As previously reported our garden is relatively mollusc-free. The chickens see to this around most of the place and the fruit cage has some resident frogs and toads which do the job in there. Chickens are not allowed in the fruit cage because as well as eating slugs and snails, they also love soft fruit and, I’m sorry to say, frogs. Since we don’t want our predators eating our other predators, we keep them apart as much as possible.

So, why would we be conducting a mollusc hunt ourselves each night?

Well, with our new use of the area in front of the house, we now have a productive place without anything guarding against those pesky devourers of vegetables. So, I was unsurprised to discover potato tops eaten down to the stalks and lettuce seedlings disappearing every night. As I have mentioned before, we are trying to cut down on the feed brought in for the chickens and, to this end, it seems a waste simply to kill the snails and slugs and not make use of them. As they say in permaculture… “every problem is a solution”. So our molluscs are just a source of chicken food in the wrong place for use. The solution? Transport this food to the right place. This means that when it has gone dark, you can find us out the front of the house with our torches and an old plastic take-away container gathering a ‘harvest’.

I’m sure that any neighbours who look out of their windows at this time of night just have their suspicions confirmed that we are completely bonkers. After all, we are the people who ask them to give us their grass clippings, boil our water in a Kelly kettle, keep chickens (which have been known to escape and wander around out the front of the house) and now grow vegetables in containers and a dumpy bag in the drive. This cannot be considered normal behaviour, so the two of us rooting around in our drive with torches at 10pm is probably just par for the course. Don’t get me wrong… they are kind to us, but perhaps they see it as care in the community!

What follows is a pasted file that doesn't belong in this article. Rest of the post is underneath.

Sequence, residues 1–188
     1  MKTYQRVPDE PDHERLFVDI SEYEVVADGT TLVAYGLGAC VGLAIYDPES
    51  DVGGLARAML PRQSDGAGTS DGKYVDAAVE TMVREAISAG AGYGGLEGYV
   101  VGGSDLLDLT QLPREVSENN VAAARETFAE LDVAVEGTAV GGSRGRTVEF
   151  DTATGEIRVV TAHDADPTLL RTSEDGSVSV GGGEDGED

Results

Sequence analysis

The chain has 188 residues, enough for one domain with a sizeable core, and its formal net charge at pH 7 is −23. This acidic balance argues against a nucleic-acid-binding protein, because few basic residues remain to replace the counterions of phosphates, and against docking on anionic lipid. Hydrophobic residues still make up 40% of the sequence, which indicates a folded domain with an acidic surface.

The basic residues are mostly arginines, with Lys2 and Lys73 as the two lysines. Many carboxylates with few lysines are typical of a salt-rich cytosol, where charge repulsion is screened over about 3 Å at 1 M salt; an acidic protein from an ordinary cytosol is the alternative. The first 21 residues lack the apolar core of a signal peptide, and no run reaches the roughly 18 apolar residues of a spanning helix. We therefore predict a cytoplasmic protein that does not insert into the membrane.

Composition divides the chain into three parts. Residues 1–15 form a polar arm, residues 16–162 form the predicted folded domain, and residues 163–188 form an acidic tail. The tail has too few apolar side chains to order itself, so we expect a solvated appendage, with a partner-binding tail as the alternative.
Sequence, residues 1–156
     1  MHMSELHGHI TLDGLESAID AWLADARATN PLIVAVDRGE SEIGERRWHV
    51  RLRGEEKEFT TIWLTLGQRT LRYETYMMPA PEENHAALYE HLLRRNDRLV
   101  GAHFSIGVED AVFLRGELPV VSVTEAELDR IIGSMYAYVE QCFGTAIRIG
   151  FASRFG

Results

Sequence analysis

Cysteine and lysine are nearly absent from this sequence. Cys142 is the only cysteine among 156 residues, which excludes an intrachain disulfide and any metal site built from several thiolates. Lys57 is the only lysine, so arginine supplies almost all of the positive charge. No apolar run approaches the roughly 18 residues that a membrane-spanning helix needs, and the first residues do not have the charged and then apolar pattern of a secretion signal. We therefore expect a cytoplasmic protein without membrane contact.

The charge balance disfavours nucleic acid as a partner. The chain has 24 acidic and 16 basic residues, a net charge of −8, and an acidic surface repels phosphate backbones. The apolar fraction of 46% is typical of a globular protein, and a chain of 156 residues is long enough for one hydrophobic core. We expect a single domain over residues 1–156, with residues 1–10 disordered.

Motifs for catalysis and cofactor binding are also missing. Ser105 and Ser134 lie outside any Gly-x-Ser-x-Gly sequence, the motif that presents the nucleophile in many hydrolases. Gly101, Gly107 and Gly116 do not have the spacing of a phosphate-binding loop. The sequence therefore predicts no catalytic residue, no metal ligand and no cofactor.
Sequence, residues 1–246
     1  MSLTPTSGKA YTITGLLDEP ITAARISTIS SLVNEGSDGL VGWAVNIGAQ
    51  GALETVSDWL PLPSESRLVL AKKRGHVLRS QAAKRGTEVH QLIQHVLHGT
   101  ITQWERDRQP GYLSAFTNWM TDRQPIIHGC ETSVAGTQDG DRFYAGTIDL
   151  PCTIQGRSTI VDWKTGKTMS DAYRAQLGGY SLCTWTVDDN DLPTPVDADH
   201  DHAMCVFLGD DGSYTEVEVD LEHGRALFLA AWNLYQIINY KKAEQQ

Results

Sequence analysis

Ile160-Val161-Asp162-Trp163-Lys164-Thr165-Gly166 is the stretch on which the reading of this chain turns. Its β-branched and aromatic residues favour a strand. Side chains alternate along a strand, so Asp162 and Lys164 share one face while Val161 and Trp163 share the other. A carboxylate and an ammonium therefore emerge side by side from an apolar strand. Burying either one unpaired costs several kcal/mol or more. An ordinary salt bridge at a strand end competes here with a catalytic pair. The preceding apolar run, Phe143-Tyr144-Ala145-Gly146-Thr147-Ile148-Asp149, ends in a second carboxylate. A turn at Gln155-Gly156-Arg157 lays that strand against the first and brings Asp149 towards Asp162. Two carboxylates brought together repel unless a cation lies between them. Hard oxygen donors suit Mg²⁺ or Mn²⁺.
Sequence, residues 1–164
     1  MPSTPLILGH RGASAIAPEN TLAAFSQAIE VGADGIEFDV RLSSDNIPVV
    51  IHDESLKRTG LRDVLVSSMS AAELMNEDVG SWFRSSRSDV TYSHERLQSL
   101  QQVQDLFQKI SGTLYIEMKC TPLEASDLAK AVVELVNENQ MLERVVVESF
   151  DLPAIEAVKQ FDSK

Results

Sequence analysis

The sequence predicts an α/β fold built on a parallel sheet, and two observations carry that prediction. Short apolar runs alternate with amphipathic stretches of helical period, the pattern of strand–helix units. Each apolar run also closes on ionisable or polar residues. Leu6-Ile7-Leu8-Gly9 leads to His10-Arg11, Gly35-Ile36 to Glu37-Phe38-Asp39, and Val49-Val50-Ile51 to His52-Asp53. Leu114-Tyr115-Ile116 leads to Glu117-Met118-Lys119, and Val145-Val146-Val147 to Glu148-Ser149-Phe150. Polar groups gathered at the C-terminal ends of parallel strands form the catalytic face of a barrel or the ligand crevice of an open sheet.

Then yesterday we found another unexpected source of food for hens. It’s now time for harvesting potatoes… last night for dinner we wanted salad with new potatoes straight out of the garden. So, one of the potato bags was taken round the back for harvesting. I wanted to collect the compost and put it into another container in which I’m going to experiment with pot-grown leeks. We started transferring the compost very carefully so as not to miss any of our harvest. The first harvest, however, was unexpected – slug eggs. These sticky white spheres are easy to spot and make a tasty snack for chickens… which clustered around us as we harvested. We started taking the eggs out in little clumps and putting them on a saucer for the hens, but we decided that we didn’t want to risk contaminating the new pot, so in the end the whole top layer of the compost was transferred onto a bare patch of bed (destined for planting up soon) for the chickens to scratch through and the lower layers of compost (where there were no signs of eggs) were placed in the pot. A very satisfying activity.


  • slugs and snails converted to hens eggs
  • slugs and snails eggs converted to hens eggs
  • reduced population of adult molluscs = more vegetables for us
  • fewer baby molluscs = smaller population = more vegetables for us
  • reduced feed bill

I think we’re on to a winner.